CommercialFleet

Thatcham rating system could bring insurance savings for vans

A new insurance group rating system for vans could see insurance premiums fall for those fleets opting for the safest vehicles. 

The new system, developed by the insurance-funded Thatcham Research, will increase the number of groups from 20 to 30 in January. The new scheme, introduced to keep up with the latest technology, will only apply to vans launched from 2016, although Thatcham hopes that some manufacturers will resubmit existing models for re-test.

Among the van manufacturers Commercial Fleet spoke to, Volkswagen Commercial Vehicles confirmed it will put all models, new and existing, though the new test, while Ford has yet to make a decision about its current commercial vehicle range.

 According to Thatcham, the changes will accommodate advances in the design and performance of modern vans and will reward manufacturers (and therefore fleets) with lower insurance premiums for their products through “good design”.

Thatcham cited AEB, good geometric bumper scores and low repair times as key factors under the new system. 

The organisation began working on the new ratings in summer 2013, after being instructed by the Association of British Insurers (ABI) to produce it.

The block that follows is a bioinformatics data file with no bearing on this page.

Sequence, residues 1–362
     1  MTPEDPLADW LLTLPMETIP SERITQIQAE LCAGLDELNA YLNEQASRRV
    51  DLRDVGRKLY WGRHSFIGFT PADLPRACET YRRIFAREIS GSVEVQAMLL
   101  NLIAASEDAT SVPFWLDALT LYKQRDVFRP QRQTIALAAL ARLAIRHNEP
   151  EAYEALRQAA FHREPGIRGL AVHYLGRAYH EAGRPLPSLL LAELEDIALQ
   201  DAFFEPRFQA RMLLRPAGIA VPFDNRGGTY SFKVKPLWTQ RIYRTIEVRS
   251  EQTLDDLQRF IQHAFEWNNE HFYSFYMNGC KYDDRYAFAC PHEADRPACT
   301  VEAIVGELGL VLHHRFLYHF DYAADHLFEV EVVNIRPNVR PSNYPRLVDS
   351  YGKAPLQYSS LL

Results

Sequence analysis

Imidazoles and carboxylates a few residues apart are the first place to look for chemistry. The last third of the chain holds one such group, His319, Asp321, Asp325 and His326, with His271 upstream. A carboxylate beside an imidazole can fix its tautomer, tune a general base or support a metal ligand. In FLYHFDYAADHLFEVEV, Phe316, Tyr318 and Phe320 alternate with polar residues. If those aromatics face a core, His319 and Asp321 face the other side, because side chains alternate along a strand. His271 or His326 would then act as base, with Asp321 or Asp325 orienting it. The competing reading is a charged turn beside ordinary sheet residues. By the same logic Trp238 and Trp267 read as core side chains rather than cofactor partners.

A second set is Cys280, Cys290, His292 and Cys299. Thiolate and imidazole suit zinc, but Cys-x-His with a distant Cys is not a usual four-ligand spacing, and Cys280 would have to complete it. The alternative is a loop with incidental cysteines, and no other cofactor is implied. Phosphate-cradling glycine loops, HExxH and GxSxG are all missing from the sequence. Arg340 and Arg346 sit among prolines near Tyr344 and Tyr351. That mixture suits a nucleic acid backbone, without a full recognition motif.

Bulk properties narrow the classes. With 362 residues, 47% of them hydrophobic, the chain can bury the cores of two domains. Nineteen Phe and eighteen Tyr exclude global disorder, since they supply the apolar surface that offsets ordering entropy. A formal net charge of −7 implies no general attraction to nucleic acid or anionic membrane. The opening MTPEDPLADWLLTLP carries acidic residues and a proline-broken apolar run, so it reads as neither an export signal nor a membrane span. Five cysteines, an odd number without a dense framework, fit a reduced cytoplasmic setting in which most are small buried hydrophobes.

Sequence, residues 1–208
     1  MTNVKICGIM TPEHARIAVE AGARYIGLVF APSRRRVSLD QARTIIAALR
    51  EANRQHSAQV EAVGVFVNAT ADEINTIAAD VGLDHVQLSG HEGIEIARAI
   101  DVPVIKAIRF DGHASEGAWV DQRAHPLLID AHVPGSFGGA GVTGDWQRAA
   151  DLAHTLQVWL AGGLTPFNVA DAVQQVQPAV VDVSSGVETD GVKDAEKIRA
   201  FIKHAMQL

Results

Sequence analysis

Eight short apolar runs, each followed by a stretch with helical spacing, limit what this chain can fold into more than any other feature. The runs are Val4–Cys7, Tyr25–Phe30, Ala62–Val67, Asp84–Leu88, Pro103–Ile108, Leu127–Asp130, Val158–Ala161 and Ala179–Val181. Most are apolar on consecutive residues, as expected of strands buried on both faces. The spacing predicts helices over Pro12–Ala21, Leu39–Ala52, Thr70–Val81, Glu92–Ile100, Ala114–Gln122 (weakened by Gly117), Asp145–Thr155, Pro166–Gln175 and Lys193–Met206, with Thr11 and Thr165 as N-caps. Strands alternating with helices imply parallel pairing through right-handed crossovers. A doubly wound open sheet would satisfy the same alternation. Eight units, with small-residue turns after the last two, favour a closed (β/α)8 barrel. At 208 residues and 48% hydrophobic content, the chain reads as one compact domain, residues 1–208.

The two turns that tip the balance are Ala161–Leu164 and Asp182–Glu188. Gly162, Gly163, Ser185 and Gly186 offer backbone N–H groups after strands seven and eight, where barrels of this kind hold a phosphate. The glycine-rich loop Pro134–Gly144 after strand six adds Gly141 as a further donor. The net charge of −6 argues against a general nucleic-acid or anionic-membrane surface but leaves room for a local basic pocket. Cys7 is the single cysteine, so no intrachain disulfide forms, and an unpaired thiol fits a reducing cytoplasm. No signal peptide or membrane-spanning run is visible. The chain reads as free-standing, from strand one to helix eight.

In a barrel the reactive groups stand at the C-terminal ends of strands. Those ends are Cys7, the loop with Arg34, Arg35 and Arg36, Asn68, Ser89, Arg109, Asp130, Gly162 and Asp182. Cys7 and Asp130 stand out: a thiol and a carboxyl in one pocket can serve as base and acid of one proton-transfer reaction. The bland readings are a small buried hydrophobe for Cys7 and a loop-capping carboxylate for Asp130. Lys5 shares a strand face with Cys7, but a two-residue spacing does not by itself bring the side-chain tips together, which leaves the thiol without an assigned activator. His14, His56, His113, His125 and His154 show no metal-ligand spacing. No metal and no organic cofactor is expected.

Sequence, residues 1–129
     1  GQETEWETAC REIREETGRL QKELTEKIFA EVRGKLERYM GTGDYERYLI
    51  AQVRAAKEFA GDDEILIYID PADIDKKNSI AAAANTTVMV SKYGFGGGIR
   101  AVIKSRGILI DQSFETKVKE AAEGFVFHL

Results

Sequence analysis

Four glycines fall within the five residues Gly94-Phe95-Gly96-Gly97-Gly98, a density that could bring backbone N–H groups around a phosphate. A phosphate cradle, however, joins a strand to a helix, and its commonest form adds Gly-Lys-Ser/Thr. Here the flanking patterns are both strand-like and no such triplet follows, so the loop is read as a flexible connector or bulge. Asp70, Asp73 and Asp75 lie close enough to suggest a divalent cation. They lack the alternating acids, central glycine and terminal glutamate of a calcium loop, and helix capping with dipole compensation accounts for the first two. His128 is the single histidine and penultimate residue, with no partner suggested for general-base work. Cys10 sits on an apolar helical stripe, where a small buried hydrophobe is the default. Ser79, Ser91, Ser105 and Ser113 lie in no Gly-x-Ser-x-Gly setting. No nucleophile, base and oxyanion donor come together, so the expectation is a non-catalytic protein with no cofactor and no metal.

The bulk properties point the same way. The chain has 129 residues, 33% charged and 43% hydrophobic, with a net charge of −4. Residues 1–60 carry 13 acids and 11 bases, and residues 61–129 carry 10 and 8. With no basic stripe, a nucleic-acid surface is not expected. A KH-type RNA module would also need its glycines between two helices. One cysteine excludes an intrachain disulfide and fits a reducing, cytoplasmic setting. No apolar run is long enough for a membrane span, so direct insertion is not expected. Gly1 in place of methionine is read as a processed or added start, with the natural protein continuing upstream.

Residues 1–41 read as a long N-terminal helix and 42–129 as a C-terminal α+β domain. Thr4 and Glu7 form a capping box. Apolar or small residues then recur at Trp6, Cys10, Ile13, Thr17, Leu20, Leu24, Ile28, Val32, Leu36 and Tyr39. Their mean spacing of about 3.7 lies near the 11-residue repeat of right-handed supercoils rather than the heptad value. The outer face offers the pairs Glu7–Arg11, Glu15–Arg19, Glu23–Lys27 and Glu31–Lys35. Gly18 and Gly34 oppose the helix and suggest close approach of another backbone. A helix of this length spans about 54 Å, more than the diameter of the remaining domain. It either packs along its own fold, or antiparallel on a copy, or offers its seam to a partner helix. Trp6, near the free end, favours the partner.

The decision to change the current system was made after the ABI group rating panel concluded that it was no longer fit for purpose, having been introduced more than 20 years ago and not updated for 10 years. 

Phillip Jagoe, group rating team leader at Thatcham, said: “The current LCV group rating formula is heavily influenced by gross vehicle weight (GVW) and it was found that this caused bunching around certain weights and didn’t differentiate against size, performance and cost. 

“Insurers want to determine risk and they were seeking a far higher level of granularity. So the new process introduces new elements, such as torque, to weight and vehicle dimensions.”

Also driving the change is the RCAR bumper test, which is being incorporated into the LCV group rating process for the first time.

Jagoe explained: “One of the elements of this test is to take the geometric measurements of the front bumper beam, height of beam and distance from the road to the base of the beam, and if they meet certain criteria they are deemed to have passed the geometric test.” 

Another area was recent changes in parts prices and repair calculations.

Jagoe said: “One of the most expensive elements when repairing a vehicle is the cost of damaged parts.” 

Thatcham decided to use a ‘parts basket’ consisting of 19 commonly-damaged and claimed-for parts. If a manufacturer’s parts are more expensive than identical parts from another it will influence the grouping.

New vehicles are also subject to a slow-speed structural impact test, which Thatcham’s engineers use to produce a report detailing the number of hours it would take to repair a vehicle, as well as the costs involved.

According to Jagoe, responses from manufacturers have been positive, although initially the changes did cause confusion. 

He said: “One of the outcomes of the review was to introduce a 1-30 group spread, 1 being the lowest and 30 the highest, as opposed to the current system which is a 1-20 group spread.